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Vijay Prashad and Paul Jay discuss the American, Saudi and Israeli ​campaign a​gainst Iran and the new Cold War with Russia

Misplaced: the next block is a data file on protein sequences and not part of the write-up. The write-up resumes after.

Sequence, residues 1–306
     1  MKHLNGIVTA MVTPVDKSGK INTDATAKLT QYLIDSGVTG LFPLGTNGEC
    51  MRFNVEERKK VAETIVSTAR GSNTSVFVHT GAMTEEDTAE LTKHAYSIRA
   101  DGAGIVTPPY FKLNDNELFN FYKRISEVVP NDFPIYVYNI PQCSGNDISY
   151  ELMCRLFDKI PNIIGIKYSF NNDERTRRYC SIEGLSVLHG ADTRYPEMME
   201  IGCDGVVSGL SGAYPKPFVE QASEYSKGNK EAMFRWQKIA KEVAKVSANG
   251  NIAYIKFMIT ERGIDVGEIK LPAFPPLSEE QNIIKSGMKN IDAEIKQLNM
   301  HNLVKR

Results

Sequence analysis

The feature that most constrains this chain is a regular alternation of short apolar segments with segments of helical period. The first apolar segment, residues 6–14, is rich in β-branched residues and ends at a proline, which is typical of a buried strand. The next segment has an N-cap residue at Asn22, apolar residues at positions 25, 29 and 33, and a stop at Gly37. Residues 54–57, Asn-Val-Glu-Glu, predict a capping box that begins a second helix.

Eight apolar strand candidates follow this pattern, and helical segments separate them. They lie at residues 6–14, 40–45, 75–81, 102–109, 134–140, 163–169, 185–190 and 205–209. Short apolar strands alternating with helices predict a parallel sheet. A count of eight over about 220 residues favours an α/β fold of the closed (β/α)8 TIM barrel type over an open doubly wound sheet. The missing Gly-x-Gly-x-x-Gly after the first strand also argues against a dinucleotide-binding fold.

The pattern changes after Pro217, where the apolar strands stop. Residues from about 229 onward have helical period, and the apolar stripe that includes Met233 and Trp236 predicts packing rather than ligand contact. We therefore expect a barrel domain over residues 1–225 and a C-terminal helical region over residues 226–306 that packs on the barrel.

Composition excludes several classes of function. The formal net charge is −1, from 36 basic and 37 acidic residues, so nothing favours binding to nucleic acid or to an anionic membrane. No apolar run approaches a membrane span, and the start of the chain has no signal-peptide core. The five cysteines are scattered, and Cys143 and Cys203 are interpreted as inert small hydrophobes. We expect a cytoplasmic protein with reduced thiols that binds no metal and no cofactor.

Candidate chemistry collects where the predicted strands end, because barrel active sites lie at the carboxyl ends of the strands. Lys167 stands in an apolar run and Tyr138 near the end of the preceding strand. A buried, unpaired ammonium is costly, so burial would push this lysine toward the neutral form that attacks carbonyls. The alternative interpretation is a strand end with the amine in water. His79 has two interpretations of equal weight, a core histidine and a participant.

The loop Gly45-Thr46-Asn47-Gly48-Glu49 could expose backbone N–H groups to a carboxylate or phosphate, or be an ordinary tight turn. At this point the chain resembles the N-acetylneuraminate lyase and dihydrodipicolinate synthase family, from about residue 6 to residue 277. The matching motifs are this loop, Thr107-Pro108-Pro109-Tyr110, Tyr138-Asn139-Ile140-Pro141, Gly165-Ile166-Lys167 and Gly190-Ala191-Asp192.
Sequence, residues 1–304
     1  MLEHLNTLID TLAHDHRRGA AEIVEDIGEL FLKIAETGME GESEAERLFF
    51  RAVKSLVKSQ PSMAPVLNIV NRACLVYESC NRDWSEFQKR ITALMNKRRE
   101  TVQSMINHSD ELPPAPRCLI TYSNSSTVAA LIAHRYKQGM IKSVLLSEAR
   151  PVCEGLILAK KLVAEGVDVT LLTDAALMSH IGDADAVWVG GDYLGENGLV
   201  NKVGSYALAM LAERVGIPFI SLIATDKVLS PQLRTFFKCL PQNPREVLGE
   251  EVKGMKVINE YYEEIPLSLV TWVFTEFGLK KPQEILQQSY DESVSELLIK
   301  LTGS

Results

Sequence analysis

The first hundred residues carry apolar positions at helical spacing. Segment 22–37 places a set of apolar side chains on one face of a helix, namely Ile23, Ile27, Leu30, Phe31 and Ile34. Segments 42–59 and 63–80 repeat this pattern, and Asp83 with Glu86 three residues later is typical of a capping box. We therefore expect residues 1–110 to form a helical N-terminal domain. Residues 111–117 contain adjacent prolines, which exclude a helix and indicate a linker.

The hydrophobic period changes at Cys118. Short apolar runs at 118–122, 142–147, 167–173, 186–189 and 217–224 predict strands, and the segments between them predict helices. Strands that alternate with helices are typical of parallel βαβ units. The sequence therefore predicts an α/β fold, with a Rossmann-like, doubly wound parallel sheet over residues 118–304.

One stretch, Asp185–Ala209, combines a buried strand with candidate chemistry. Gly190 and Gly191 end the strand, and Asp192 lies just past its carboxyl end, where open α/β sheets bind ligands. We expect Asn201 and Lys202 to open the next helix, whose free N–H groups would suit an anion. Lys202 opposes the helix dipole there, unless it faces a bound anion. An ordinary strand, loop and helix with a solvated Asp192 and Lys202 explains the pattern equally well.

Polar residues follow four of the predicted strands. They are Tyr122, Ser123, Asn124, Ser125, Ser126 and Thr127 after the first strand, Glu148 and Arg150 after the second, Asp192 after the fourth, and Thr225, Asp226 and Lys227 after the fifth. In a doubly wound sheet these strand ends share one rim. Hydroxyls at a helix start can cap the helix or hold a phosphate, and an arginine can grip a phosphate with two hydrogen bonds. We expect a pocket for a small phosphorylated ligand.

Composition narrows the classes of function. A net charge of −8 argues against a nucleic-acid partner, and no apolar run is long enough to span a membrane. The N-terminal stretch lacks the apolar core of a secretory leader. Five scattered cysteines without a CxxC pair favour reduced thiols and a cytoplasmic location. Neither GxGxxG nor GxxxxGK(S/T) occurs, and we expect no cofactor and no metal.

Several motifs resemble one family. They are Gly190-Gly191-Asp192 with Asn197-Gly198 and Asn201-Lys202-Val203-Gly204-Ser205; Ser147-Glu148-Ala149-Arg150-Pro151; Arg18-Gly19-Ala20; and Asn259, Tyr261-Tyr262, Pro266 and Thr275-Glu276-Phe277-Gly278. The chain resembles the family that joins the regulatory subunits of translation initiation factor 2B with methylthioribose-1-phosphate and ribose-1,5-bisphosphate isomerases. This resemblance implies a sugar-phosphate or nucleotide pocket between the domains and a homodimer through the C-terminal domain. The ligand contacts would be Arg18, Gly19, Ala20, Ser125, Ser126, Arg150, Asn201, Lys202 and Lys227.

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PAUL JAY: Welcome to The Real News Network. I’m Paul Jay. Well, it’s been a somewhat complicated, confusing, crazy, one might say, week or two about U.S. policy towards Iran. Last week President Trump recertified that Iran was, in fact, living up to its end of the nuclear arms deal. Apparently, he did it kicking and screaming. He didn’t really want to, but he did it under pressure from much of the foreign policy establishment, including his own Secretary of State, Tillerson, and the Secretary of Defense, Mattis, and others. He’s apparently already started a group within the White House outside of those people, Tillerson, Mattis, and McMaster, his National Security Advisor. Steve Bannon and others are creating a group to figure out how they can not recertify next time this comes up, which I believe is in about 90 days. Trump clearly wants to have a provocation with Iran and as part of that was his trip to Saudi Arabia. It wasn’t long after that trip the Saudis led various countries from the GCC to boycott an embargo on Qatar, because they thought the Qatari relations with Iran were getting too close. In the midst of all of this, while it recertified that Iran is in fact living up to the nuclear deal, well the Senate passes a resolution with new sanctions against Russia, but also very much against Iran. Unanimously, except for two votes, and that’s Bernie Sanders and Rand Paul. Sanders saying, “He wouldn’t vote for it because it would undermine the nuclear deal.” Well, now joining us to discuss this and other things live on Facebook, live on YouTube, live on The Real News website and maybe some other places as well. The fact that we’re live means we’re hoping you will ask questions. You can send them to You can put them up on Facebook comments, or YouTube comments, or you can put them in the comments section on The Real News website, where we are also live. This, of course, is a session with Vijay Prashad, who now joins us. Vijay is in Northhampton, Massachusetts. He is the George and Martha Kellner Chair in South Asian history and Professor of International Studies at Trinity College. He’s the author of more than 20 books, including The Death of the Nation and The Future of the Arab Revolution. Thanks very much for joining us, Vijay. VIJAY PRASHAD: Pleasure, thanks. PAUL JAY: I’ll kick this off and then once some questions start coming in, we’ll go to them. Just what is the differences, if they are serious or not, within the White House and what do you make of this, I don’t know, it looks incoherent, but maybe it’s meant to look incoherent, a resolution increasing sanctions on Iran at the same time as Trump recertifies the confrontation with Qatar? Of course, the underlying issue is, it seems that most of the Trump foreign policy team, even if they recertified, but including Tillerson and Mattis, the whole team has really wanted to target Iran. What’s your sense of all this? VIJAY PRASHAD: Well, Paul, in a way the hostilities against Iran have been going on since 1979. When the Iranian revolution took place, the United States took a very hostile position against the revolution and the Iranian, new Iranian government. For good reason. I mean, the United States in 1953 had overthrown a democratically elected prime minister, that is Mohammad Mossadegh, so the Iranian government also took a strong position against the United States and these two countries, very different countries, different places in the world, very important to say one a global power and the other in 1979 a very weak country. The revolution had destroyed the apparatus within the state. The United States with the Saudis egged on Iraq to invade and attack Iran in 1980, so the history’s long and it’s quite fractious. I wouldn’t make too much about the differences inside the Trump administration. Yes indeed, there’s an inter-agency review going on, on Iran, and when Secretary of State Rex Tillerson came before the Senate Foreign Relations committee, he was asked directly about Iran by a Republican elected official. Tillerson said two things that were interesting. One, he admitted that there’s this inter-agency review and therefore said that Trump’s Iran policy’s not fully worked out. He said something else that I think is quite chilling. He said that this administration–and again, I just want to be clear that this has been fundamental U.S. policy since 1979, but he reaffirmed it. This administration, he said, is committed to regime change in Iran, but he said by peaceful means. Now, I don’t really know what it means to be in favor of regime change by peaceful means. The distinction might be that somebody like, say, Bannon, Steve Bannon, or the ex-U.S. ambassador to the United Nations, John Bolton, who the same week wrote a piece on The Hill, online periodical, where he basically said, “This is the John McCain position. Bomb, bomb Iran.” There are some differences of tone. Here’s Tillerson saying, “Let’s have a peaceful regime change in Iran,” which again, I don’t know what that looks like– PAUL JAY: Well, I think what they’re talking about, because I’ve seen … I’ve taken recently to reading literature that’s targeting the military industrial complex. There’s a bunch of defense-type magazines that are speaking more … Mostly about arms purchases and who’s selling what to whom. They also have a lot of strategic and tactical conversations going on there. I think what he’s talking about is they want to inspire sectarian strife in Iran. One of the articles I read talked about the different ethnicities, and religions, and it would be possibly, essentially, to create an Iraq-style civil war within Iran if they fuel it properly. I think that’s what they have in mind. VIJAY PRASHAD: Well, it’s hardly peaceful. PAUL JAY: Well, peaceful meaning not … Peaceful to American troops is what they mean. VIJAY PRASHAD: This is the crucial issue. It means that the Americans may not, in the early stages, have to bomb Iran. Whereas, they will create … More than the Iraq strategy war, this is the Syria strategy. In 2005, through Wikileaks, we read a cable that comes from Damascus where the Americans are saying that we’re going to take the advice of the Saudis and try to exacerbate sectarian strife by backing some of the very far right-wing Sunni clerics in Syria who have been complaining about their marginality. The Americans say, “We’re going to push that,” which is indeed what they did inside Syria, and I think that’s to some extent what they might fantasize about doing in Iran. Although Iran is a different kettle of fish than even Syria or certainly than Iraq, so I don’t really think that this is a serious proposition. I think what I was quite chilled by was not so much this statement by Tillerson. Although, what Tillerson said, as I said, was basically U.S. policy being affirmed. What was quite chilling was that, you have here the nuclear deal, and the nuclear deal we can discuss its merits, whether it’s even acceptable for powers to come and put the handcuffs on a country that’s already committed to the International Atomic Energy Agency, that’s already committed to the Nonproliferation Treaty, etc. Still, leave that aside. You have this country committed to all this, now there’s this nuclear deal. The United States is prevented from putting sanctions on the question of nuclear proliferation, so they’ve decided to go after the ballistic missile testing and have pushed sanctions on that file. Here’s where it gets quite interesting. The head of the Republican Guard, or the Revolutionary Guard in Iran, General Joffre, made a statement when the talk of the sanctions for the ballistic missiles was on the table. What General Joffre said was, “Look, the ballistic missiles for us is deterrence. We need to have ballistic missiles to protect ourselves. We’ll close the program down if you move a thousand kilometers away from our borders.” What does this mean? This means it’s impossible, because the United States in Iraq and Afghanistan has a base which is well inside the thousand kilometer radius. It’s about 300 kilometers from the Iranian border. The bases in Bahrain and Qatar are some of … Depending how you calculate the distance from Iran, it’s about 75 kilometers to 100 kilometers away from Iranian waters, from territorial waters. There is no way for the Americans with the current forward policy of encircling Iran to move out of the thousand kilometer radius. The Iranians have hardened their position saying, “We’re going to continue to test ballistic missiles,” and the Trump administration has made it clear, this might be the trigger. They will continue to provoke Iran on the question of sanctions to prevent now ballistic missile development. Not nuclear anymore, ballistic missile, and this might be the flash point. PAUL JAY: Well, let’s start working through some of the areas where Iranian and American interests seem to be confronting each other the most. Certainly, in terms of propaganda recently. Most of the rhetoric in newspaper and magazine articles have been focusing on the Iranian influence in Iraq. Some articles are calling it the Iranian domination of Iraq. Last week we did a couple stories about a New York Times article. Today, there’s been reports from Iraqis who talk about how … In fact, it was the Iranians that came to the rescue when it came to IS, that it was the Iranians that actually were the most supportive. We have a question from a viewer. Now let me introduce to you, Dharna Noor, who’s my colleague and she’s in the control room over there, and she’s going to be reading questions from viewers as we proceed here. Dharna, so you have a question, I think, from Ian Anderson. DHARNA NOOR: Thanks, Paul. Hi, Vijay. Now, Ian Anderson is asking on Facebook, “Why won’t the media,” or what he calls, “The Congresscritters, won’t ever admit that the Iranian soldiers are,” he says, “The most effective fighters along with the Kurds in the fight against ISIS?” PAUL JAY: All right, did you get that Vijay? VIJAY PRASHAD: Yeah. I mean, why won’t the media admit it? Well, firstly let’s be clear that the American media by and large is basically lined up with a sort of liberal section of the State Department. The American media doesn’t have, that is to say the kind of corporate media, its culture, the outlook of the people that cover the world for, say, the New York Times, or CBS, CNN, etc. The culture and the broader outlook of the people is basically the liberal variant of the State Department. This is … Whether they’re covering Venezuela, whether they cover, say, Zimbabwe, or Iraq, or Iran, this is generally the world view. There are some exceptions, of course, people who try to color outside the lines, but the lines have become barriers. It’s very hard to really go outside the space. To assume that these reporters would take a kind of open-ended view of, say, Iranian troops, not only in Iraq, but in Syria as well, I think is to ask too much of them. Here we enter the arena of media criticism, rather than what’s happening on the ground in Iraq. Some of this culture of course develops because of the kind of people that get hired, but I think there’s something additional here. Which is that, this policy of embedding with the American troops, which began about 20 years ago, who in fact has a history from the Vietnam War. I think it corrupts the way in which reporters see things. They’re not looking at what’s happening on the Iranian side. What are the Iranian troops doing? They themselves look at Iranian troops with great hostility, or at least suspicion. They’re not going and entering Mosul with Iranian forces. They’re entering, if they enter at all, they’re entering with the U.S.-backed groups. PAUL JAY: What do you make of this sort of … It’s kind of funny that in the press this morning, again, I’m seeing it in the defense press, but I think it’s showing up in other places, where the Iranians are saying, “It was primarily their leadership and their forces that they backed that won the fight in Mosul,” and the Americans saying, “Oh, no, no, it was American air power?” VIJAY PRASHAD: Well, that’s an interesting political discussion, which is going to continue now right till, let’s say, the last ISIS member decides to depart from Syria. There’s going to be a lot of jockeying for who actually defeated ISIS. This, Paul, is not a simple question of one force battling another force. There’s so many powers fighting against ISIS. Let’s take the case of Raqqa. There’s a race to take Raqqa. The U.S.-backed Syrian democratic forces, largely Kurdish armies that are moving from the northeast of Syria. There’s the Syrian army that’s moving from Aleppo, but also from the south. Everybody is going to want to claim that they defeated ISIS. This is going to be, I think, where a lot of the kind of want of information takes place. I remember during the Arab Spring traveling around the region. You meet an Iranian diplomat, they say, “Well, this is not an Arab Spring, this is an Islamic Spring and it started in 1979.” They were trying to claim what was happening. Then the Turkish officials would say, “No, this is a new Ottoman Spring. These are governments that are being inspired by what has happened with the AKP arriving to power with Mr. Erdoğan in Turkey.” This information battle is certainly going to take place. It’s, of course, impossible to say that the Iraqi army backed entirely by the Iranians would have been able to win in Mosul without the American Air Force pulverizing that city, really devastating large parts of the city. It’s inconceivable to … I can’t imagine the Iraqi army in its current configuration with the Iranian support having won without the American, massive American air power. Neither could the Americans have taken Mosul without the Iraqi army and the Iranian special forces, the Iranian advisors, liaison, etc. Even though they both took Mosul, because of this political fight over who’s important in the region, whether Iran should get credit for anything, there is going to be an information war that, as I said, is not just going to be around Mosul. Just wait till it takes place around Raqqa, it’s going to be quite fierce. PAUL JAY: Now, in terms of the Iranian influence in Iraq, Trump and his administration, they’re making noises towards perhaps strengthening and increasing troop levels in Iraq. I mean, what can the US do about it? I mean, can they actually even contemplate a major military intrusion back into Iraq? If so, where might that lead? VIJAY PRASHAD: In my opinion, I think there are three ways in which the Americans are hoping to have a major presence on the ground in the region, not just in Iraq. The first, I think, approach is I think there’s a general understanding that you’re not going to see 100,000 American troops drive up from Kuwait in the present period. I don’t think they’d be welcomed by Mr. al-Abadi. I think if these troops started to cross the desert and go north, Mr. al-Abadi’s government, the current Prime Minister of Iraq, his government will fall in Baghdad. I don’t think he can politically sustain the entry of vast amounts of American troops. I think what the United States has been trying to do with Mr. al-Abadi, who I think quite erroneously they see as pro-American, I think what they’re trying to do is to put some money into the Iraqi army, competing in terms of the resource delivery with Iran. Because up till now, Iran has had a major impact in the shaping of this new Iraqi army. Once the militia groups, which are basically Iranian created, many of them are very much proxies of Iran, once there is talk of bringing the militia groups into the army, which I think would be quite unpopular in parts of Iraq, this is going to put a lot of pressure on the Americans. I don’t think you can buy the loyalty of some of these very strongly pro-Iranian militia groups. One strategic approach is basically to buy out the Iraqi army against the Iranians. That’s one. The second approach is not so much in Iraq, and this approach has two parts. This is to make sure that the Syria-Iraq border is a very large buffer zone. It’s what the Americans have made quite clear, what the American state has made clear, is it does not want Iran to reopen that road that it used to have until six years ago. The road from the Iranian border all the way to Damascus. Because what that road does, is it allows Iran at a much reduced cost to resupply not only Syria, but the Lebanese political party, Hezbollah, with military equipment. During the Syrian war, when the border between Iraq and Syria was closed, Iran had to by air supply both the Syrians and the group, Hezbollah. This was very expensive. They have been fighting to reopen that road. Americans are trying to create a buffer state at the border between Syria and Iraq to block this roadway, the two roadways from opening. The two strategies here to block this road are to create a buffer zone. In the north, the United States has backed fully the Syrian democratic forces, largely Kurdish militias, but in a process of backing these Kurdish militias, have built back five to seven military bases in northeastern Syria. These are actually illegal bases, but they built them there, they have special forces, troops and American military hardware. That’s going to be one part of the buffer, because there’s a major road, the road that goes north out of Mosul towards Raqqa. They’ll block that part of the border. The second major road that connects Iraq to Syria is at the border post of Tanf and that’s in the south near where Saudi Arabia and Jordan sit, near the Syria-Iraq border. Here, the Americans have another base in Tanf and in this base they don’t have enough military strength to hold off both the Iranian backed militia groups and the Syria army, as well as, the Russians who are basically sitting outside this base. This is setting the stage for a major confrontation at the southern border post, which is the most convenient way for Iranian material to go to Damascus. These are the three ways, Paul, I think that the United States is basically trying to check Iranian power. One is in Iraq with the Iraqi military. The second is in the north part of Syria where they will block the roadway using the Syrian democratic forces on these bases. Then secondly, in the south, the most important road where the Americans are right now the weakest, because there’s really no reason for them to bring in more troops without openly saying they’re creating a buffer state. PAUL JAY: Now, one of the things that’s been talked about for years, certainly at least since the invasion in 2003, is the possibility of a divided Iraq and that the US would actually go back into Iraq. Trump has been somewhat … It was a half a joke, but I think a lot of people are taking it seriously. In fact, we have a clip here. This is Trump speaking to the CIA just a few weeks after his inauguration. Have we got that clip ready? Okay, here it is. DONALD TRUMP: The old expression, “To the victor belong the spoils.” You remember, I always used to say, “Keep the oil.” I wasn’t a fan of Iraq. I don’t want to go into Iraq. I will tell you, when we were in, we got out wrong. I always said, “In addition to that, keep the oil.” Now, I said it for economic reasons, but if you think about it, Mike, if we kept the oil you probably wouldn’t have ISIS because that’s where they made their money in the first place, so we should’ve kept the oil. Okay. Maybe you’ll have another chance. The fact is, you should’ve kept the oil. PAUL JAY: Should’ve kept the oil and maybe you’ll have another chance. Some of the policy analysts I’ve been talking to, some who know Iraq pretty well, are talking about saying they think what he may, or they may have in mind, is to go back into Iraq, get hold of the oil, particularly large quantities of sweet crude, which are not even being exploited, but also a divided Iraq and part of that division, part of Iraq goes to Saudi Arabia. The Saudi connection in all this, both in terms of the Saudi having a tremendous agenda, important piece of their agenda targeting Iran, and the closeness of the US to Saudi Arabia leads to our next question from a viewer. Dharna, go ahead. DHARNA NOOR: Hi, yeah. A number of viewers are actually asking about why the US is so connected to Saudi Arabia. Anthony [Escobar] on Facebook asks, “Why the US is so in bed with Saudi Arabia when they treat women as,” he says, “Second class citizens?” PAUL JAY: Well, let me say that we’re hearing all these stories about human rights violations in Venezuela and perhaps some of it’s true, perhaps some of it isn’t true, but what we do know is apparently Saudi Arabia’s planning to execute 14 young people for simply participating in a protest. That’s execute. In fact, apparently they already have executed some of them in the past for protesting. What do you make of this US-Saudi relationship? Why it’s so fundamental and why, you can add another media piece to this, so little about these 14 protestors in mainstream media that may be executed soon, and the Saudi role in this Iraqi scenario? VIJAY PRASHAD: Firstly, there’s an assumption that the United States makes its foreign policy based on morality. That if there’s a country that’s immoral in its policies towards its citizens, then the United States will have a negative relationship with that country. I think that’s an error to make that assumption. After all, best case here is Saudi Arabia, where the United States has had a 70-year very friendly relationship with the kingdom, disregarded the fact that there is no democracy there, utterly disregarded the fact that human rights by and large is treated in Saudi Arabia as a joke, but has had no pressure from the United States apart from, I think the obligatory statements that come out of the State Department. Those have become routine and cliché. We have great concern about what’s happening in Saudi Arabia, etc. What I would say is, there are perhaps three reasons, and there are probably many more, but I’ll just lay out three reasons why the United States in its current class configuration. In other words, the kinds of people who run the United States, why these people have fealty and have a very close tie with Saudi Arabia. There are three. The first one, which I think is sometimes overdramatized, is Saudi oil, but it’s important to mention because when the Saudis decide to pump more oil or reduce oil, they can manipulate oil prices and break the power of OPEC, that is the oil cartel, without actually breaking OPEC. By the fact of their volume, they can make real mayhem in the world. I think it’s a worthwhile question to ask when commodity prices were high, when these commodity prices enabled the new powers from emerging. Brazil, Russia, Venezuela, these powers were given a kind of lift in the 1990s and 2000s in particular, when oil prices and energy prices in general were high. When the Saudis started to pump enormous amounts of oil against their own economic interest, it created Syria’s problems in these emerging powers and weakened them. Their use of the oil weapon against adversaries of the world order, let’s call them, Venezuela, Brazil, Russia, etc., is I think a worthwhile reason to have a close tie with Saudi Arabia. I think it’s well worth asking why the Saudis have maintained low oil prices when this has hurt their own economy. It has to be political, it’s definitely not economic. I think the second reason where there’s a longterm connection between the kind of class that rules the west and the Saudis, is that for at least the last 40 years, the Saudis have recycled their petro dollars. That is, the profits that they earn from selling oil, they’ve recycled these into western banks. They don’t hold them in their own banks in large amounts. Of course, there’s a sovereign fund, but they put most of it into western banks. It’s the Saudi money that essentially has underwritten whatever growth has taken place in the global north. It’s the Saudi money that’s enabled the explosion of Wall Street, of derivatives, etc. It liquefies the financial world. This is a very important role that the Saudis play. They are leaders among the Gulf countries in so-called recycling their profits into the west. This therefore makes the west somewhat complicate in Saudi relations with the world. The third reason, Paul, I think is really quite important and often neglected. This is that it’s not that the United States has an alliance with Saudi Arabia for oil and money alone. It has an alliance with Saudi Arabia because it relies on both Saudi Arabia and Israel for intelligence in the region, and to operate a decisively anti-left, anti-nationalist kind of agenda across the so-called Muslim lands. In 1960s, Saudi Arabia created a group called the World Muslim League, which was set up essentially as an anti-communist block. They would produce literature against the left, against Arab nationalism, against third-world nationalism, and distribute it from Indonesia, up to Dagestan, then in the Soviet Union, and out to Algeria. The point of this was, Saudi Arabia was the sort of sphere of the counter revolution in the third-world block and played a very important role. This old role comes to a head in 1977, ’78, ’79 when Saudi Arabia basically provided the intellectual work, alongside the CIA and Pakistani intelligence, for the creation of the Mujahideen in Afghanistan. This political role, and to some extent military role that the Saudis play’s very important. The current class that dominates in Washington DC and in the United Kingdom, and Germany, and France, etc., they’re interested in maintaining a kind of order in these lands at all costs. If disorder is necessary, it’s a kind of disorder that produces order for them. Continues to recycle petro dollars, ensures that there’s no emergent power that can challenge western homogeneity. Saudi Arabia has been an absolutely invaluable ally for this. Whereas, somebody who’s a liberal looks at this and says, “Well, why is the United States allied with Saudi Arabia? Look, they’re beheading people.” This is not how the ruling class sees it. The ruling class has a completely different understanding of Saudi Arabia and that is why this relationship for them is completely untouchable. PAUL JAY: Dharna, you have another question. DHARNA NOOR: Yes, Something34 from YouTube asks about the conflict between Qatar and Saudi Arabia and what the consequences are of that conflict? VIJAY PRASHAD: I mean, it’s interesting, Paul, we’ve talked about this a little bit before. Saudi Arabia is also an absolute monarchy and in absolute monarchies, the checks and balances are not perhaps as well developed as they could be. Now, this doesn’t of course mean that in democracies you have very good checks and balances either. After all, we were all opposed to the Iraq War, the legal war in 2003. Millions of people went on the street. That didn’t stop the government, nor did it actually put a … Have them go and say, start a commission to study the outcome, the potential outcome of that illegal war, etc. They didn’t care. They went ahead and [inaudible]. Well, in the case of Saudi Arabia, checks and balances are even less than they are in the United States. In an absolute monarchy, the kind of temperamental rule of the people in power is important to look at. For instance, to give you an example from 2011, the Saudi King at the time hated Gaddafi of Libya. He hated him. Gaddafi had come to a meeting in Qatar where he called the Saudi King a bootlicker of the Americans. I mean, he insulted him to his face at the Arab League meeting. They hated him. They wanted to kill him one way or the other. When that opportunity arose in 2011, the way the Saudis operated was like, it was like a [inaudible] brawl. They went out and said, “We’re going to get him at all costs.” Put money into it, lie through our media outlet, [inaudible] will create pressure on the Arab League, etc. If you look at the Saudis in that way, as an absolute monarchy where their wins are important, you can understand a little more about why they’re fighting this endless war, useless war in Yemen, brutal, divisive, destructive war in Yemen, and then why they went into this confrontation with Qatar. It’s not always entirely rational. Qatar is an interesting country. It has an Emir, the current Emir and even his father, both quite independently minded in their way, both highly beholden to the Muslim Brotherhood movement, and both pushed by their own local elites who have a complicated relationship with Iran. After all, on a good day from Doha you can basically see the Iranian coast. When I once was in Doha talking to people from the foreign service of Qatar, and I was talking about Indian and Iranian relations, one of the ex, now retired, people from the Qatari Foreign Ministry said, “If outside powers didn’t intervene, we would have the … The Qataris would have built a pipeline to Iran to get drinking water. There’s a big lake in Iran just across the way, Qatar is very much reliant upon importing drinking water, so we wanted to put a pipeline across, but outside powers stopped us.” Now, you can guess, who are the outside powers? Well, on the one side, United States, which has a major base just outside Doha, and the Saudis, who would not allow the Qataris to have a normal relationship with a very close, in terms of territory, a very close neighbor. The Qataris have this independent streak and the Saudis, at least for the last five years, have tried to reign the Qataris in to bring them on side, to make them, in a sense, like say the Emirates, the UAE, or like Bahrain, where there’s no difference between the two of them. Previously, the Saudi government helped overthrow, engineer the overthrow of the current Emir’s father, and then when this Emir came in, he basically tried to reign in the Muslim Brotherhood, he tried to bend to the Saudi way. He didn’t do enough and then the Saudis went after the Qataris again. The actual spur for this particular fight was that the Qataris and the Iranians inside Syria were collaborating on deconflict zones to create more and more deconflict zones so that internally displaced Syrians could return home. This, I think, bothered and frustrated the current King and his son, Mohammad Bin Salian, who’s a very impetuous young man. As I said, don’t underestimate the impetuousness of an absolute monarch. At the same time, I think the Qataris are under great pressure not to have any relationship with Iran, which is really crazy because it isolates them from an important neighbor. PAUL JAY: Okay. One more question, Dharna. DHARNA NOOR: Christopher [Ashure] on Facebook has asked two questions. He’d like to know what the state of the Israeli-Saudi relationship is now, and the relationship between Iran and Saudi Arabia. He’d also like to know more about Israel’s relationship and where they fall in all of this. PAUL JAY: I think it’s mostly a question of what Israel’s role in all of this is. VIJAY PRASHAD: I mean, imagine if I looked at the situation from Tel Aviv, if I was an Israeli intelligent official. By the way, this would be an interesting exercise. I wouldn’t mind doing a program with you once and a while where I pretend to be an Israeli intelligence official. What would it look like from Tel Aviv? Here you have a government, which has very close relations with the Saudis, but these are all sort of clandestine ties because neither the Saudis nor the Israelis are able at this point to come out openly and say they have very close relations. Saudi Arabia haven’t fully recognized Israel, it’s impossible. They are committed to the Palestinians for whom they’ve done actually extraordinarily little. You see this attack on the Israeli Embassy in Jordan. There is a very great tension inside Jordan because Jordan has normalized relations with Israel. Saudi Arabia is not able to do it, but they have very close clandestine ties with the Saudis and they in fact sometimes work together. They have adversaries in common. For instance, the Saudis tried from the 1950s to hem in and control the Muslim Brotherhood. When the Muslim Brotherhood was expelled from Egypt and when you jail, the Saudis brought a lot of them into Saudi Arabia and they became professors in universities. [Sayyid Qutb’s], one of the great ideals of the Muslim Brotherhood, after he was killed, his brother, Muhammad Qutb came to Saudi Arabia, became a university professor. They were not able to control the Brotherhood. The Brotherhood is a group, largely professional, not keen on monarchies. They have a kind of republican streak, they’re hierarchical, but they don’t want a monarchy. They’re not committed to monarchies. The Saudis see them as very threatening and of course, [Hamas 00:36:50] is a Muslim Brotherhood outfit. The Saudis and the Israelis have that in common, kind of suspicion of Hamas and I think they do work together to undermine Hamas quite fundamentally. By the way, Qatar is one of the main supporters of Hamas. You can see the way the tensions draw out. Saudi and Israeli intelligence coordinate with the Americans. I mean, they are the ones who have on the ground intelligence, which they provide to the Americans. There is that, also that they have in common. I think the Israelis generally try not to put themselves too forward in any of these things, they work around and through the Saudis. I think it’s time in the Arab world for people to call Saudi Arabia to account. It has a very hypocritical relationship. The King will speak openly saying that, “We are for our Palestinian brothers and sisters.” Meanwhile, they’re undermining the Palestinian cause by having very close relationships with the Israelis. PAUL JAY: All right, so one final question from me. How dangerous a moment do you think we are in, given everything we’ve just been talking about, and what do you think the implications are for ordinary Americans? VIJAY PRASHAD: Well, I fear that the confrontation that Mr. Trump is setting up against Iran is a very dangerous confrontation. I mean, this is a hair trigger moment. If the United States decides to continue to put pressure on Iran, which is likely pressure pushed by the neocon wing, people like John Bolton, but also by the Israelis, also the Saudis. If this pressure against Iran is going to lead to what I think is quite inevitable, which is an Iranian reaction. The Iranians have already said that there’s a limit to their so-called patience, if they react and the Americans decide to go forward with some kind of military action against Iran, if you think that the Middle East is now in chaos, we don’t have a word for what it will look like if there is a war against Iran. We don’t have that word in our vocabulary. I think this is not an idle worry. When we used to talk in the late 90s saying that … I used to worry in the late 90s saying, “The Americans are going to go directly into Iraq and that’s going to be catastrophic.” At the time people said, “I doubt it.” Then of course, George Bush decides to do that. I very much fear this is a real possibility and it would be mayhem. I mean, if the Americans decide to do something like that, perhaps we’ll see a major intervention by the Russians into Iran as they did in Syria to try to immunize Iran from an American attack. That would be interesting, Paul, but also very dangerous. If the Russians enter, if the Chinese enter, if you go to Tehran every neighborhood seems to have cranes from China and massive infusion of Chinese capital. If the Chinese decide to get involved here, I don’t want to see this kind of confrontation. It will lead to the possibility of regional, if not more than that, war. PAUL JAY: All right. Thanks very much for joining us Vijay. VIJAY PRASHAD: Thanks a lot. PAUL JAY: Let us know if you like these live back and forths. If you do, give us a comment on any of the different platforms you’re watching on and we’ll keep it up. Thank you for joining us on The Real News Network.